December 1, 2017

We the people must hold elites accountable.

By Glenn

Power demands sacrifices.  In aristocratic societies, the elite demand sacrifices from the many.  In democratic societies, the many demand sacrifices from the elite.  The whirlwind created by charges of sexual harassment and assault are a healthy sign that our democracy continues to grow and mature. We the people must hold elites accountable.

For too long male dominated society blamed female victims of sexual aggression.   In Deuteronomy Chapter 22 God commands the Israelites to stone a rape victim if she didn’t “cry out for help though she was in a city.” This ancient form of “slut shamming” lasted well into the modern era.  Too often we hear our neighbors blame the “short skirt” or say “she was asking for it.” Society blamed the victim instead of making the man take full responsibility for his crime or abuse.

Thankfully, Modern America is much more democrat than the past.  Over the past fifty years women have earned positions of power in government and business.  At first, submission to sexual abuse was seen as the price of admission, a form of hazing.  Some people have gone as far to say that women seeking power or the spotlight bring abuse upon themselves.   These attitudes must be thrown into the dustbin of history.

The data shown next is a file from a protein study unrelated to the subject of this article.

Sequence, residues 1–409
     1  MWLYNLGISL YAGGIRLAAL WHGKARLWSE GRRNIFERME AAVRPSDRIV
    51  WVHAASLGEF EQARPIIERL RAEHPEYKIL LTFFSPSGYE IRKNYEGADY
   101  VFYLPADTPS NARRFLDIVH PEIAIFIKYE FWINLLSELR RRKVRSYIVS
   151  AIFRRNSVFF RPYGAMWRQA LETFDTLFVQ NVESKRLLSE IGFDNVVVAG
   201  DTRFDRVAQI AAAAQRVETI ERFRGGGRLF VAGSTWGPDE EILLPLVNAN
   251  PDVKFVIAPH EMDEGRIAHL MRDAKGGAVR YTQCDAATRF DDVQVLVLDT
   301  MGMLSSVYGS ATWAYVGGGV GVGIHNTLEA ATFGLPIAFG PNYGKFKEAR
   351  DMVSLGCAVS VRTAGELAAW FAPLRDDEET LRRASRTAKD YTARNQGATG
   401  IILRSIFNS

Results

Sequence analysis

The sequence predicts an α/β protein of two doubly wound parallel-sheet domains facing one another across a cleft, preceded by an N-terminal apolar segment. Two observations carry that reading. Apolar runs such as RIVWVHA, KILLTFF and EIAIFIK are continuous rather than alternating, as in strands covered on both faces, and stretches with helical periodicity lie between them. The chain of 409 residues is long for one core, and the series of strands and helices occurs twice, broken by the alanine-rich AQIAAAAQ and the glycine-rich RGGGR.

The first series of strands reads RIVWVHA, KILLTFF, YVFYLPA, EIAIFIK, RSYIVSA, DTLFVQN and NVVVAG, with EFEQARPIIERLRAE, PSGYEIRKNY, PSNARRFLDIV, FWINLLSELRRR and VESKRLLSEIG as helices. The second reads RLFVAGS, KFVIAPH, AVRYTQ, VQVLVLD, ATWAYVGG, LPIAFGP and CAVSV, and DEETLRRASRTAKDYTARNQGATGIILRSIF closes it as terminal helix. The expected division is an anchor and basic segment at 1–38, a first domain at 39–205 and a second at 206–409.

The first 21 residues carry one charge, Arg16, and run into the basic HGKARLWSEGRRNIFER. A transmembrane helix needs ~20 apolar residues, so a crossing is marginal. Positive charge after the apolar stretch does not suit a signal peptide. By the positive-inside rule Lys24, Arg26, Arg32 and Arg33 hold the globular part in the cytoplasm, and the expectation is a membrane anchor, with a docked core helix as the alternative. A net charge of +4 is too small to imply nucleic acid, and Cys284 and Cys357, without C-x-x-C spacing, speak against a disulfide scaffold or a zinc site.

Like many issues, we know how to solve the problem.  Powerful people, however, want to make it complicated to protect themselves and their positions.   We can stop the mistreatment and abuse if we listen to the legal experts.  They have spent a life time developing guidelines and standards to evaluate and enforce workplace behavior.

In 1986 the US Supreme Court addressed the problem of a hostile workplace in the case of Meritor Savings Bank v. Vinson.  Since then, the legal standard for identifying sexual misconduct has had pretty straight forward criteria.  Sexual misconduct refers to unwanted words and actions that are severe or pervasive.

Consent, or lack of, is the first criterion.  Touching co-workers without their consent or “talking dirty” to them creates a hostile work environment.  People in powerful positions, however, have an additional burden.  They can create hostility by forcing consent. The most obvious form of misconduct is an exchange of sex for a promotion or a grade, but there is any number of lesser favors required such as always asking the women to get the coffee.

The second criterion is severe misconduct.  A severe incident such as rape or grabbing another person’s genitals only needs to happen once.  There are no second chances.  Physical and verbal assaults are not acceptable.

The third criterion addresses the grey areas and is called pervasive.  These behaviors are the little things that add up over a short period of time.  Jokes about body size or physical anatomy fall into this category.  If a co-worker asks you to stop saying these things, then stop.  No means no. None of these criteria take a rocket scientist to figure out.  They simply require education.

America is no longer an aristocratic society.  Men and women are equal before the law.  They are equal in the workplace. They will be together in the workplace, school, movie sets and the halls of Congress.  Each and every one of us has a right to a safe environment, free from abuse and harassment.  When someone demands sexual sacrifices as a price for inclusion, we must protect the victim, not the powerful.

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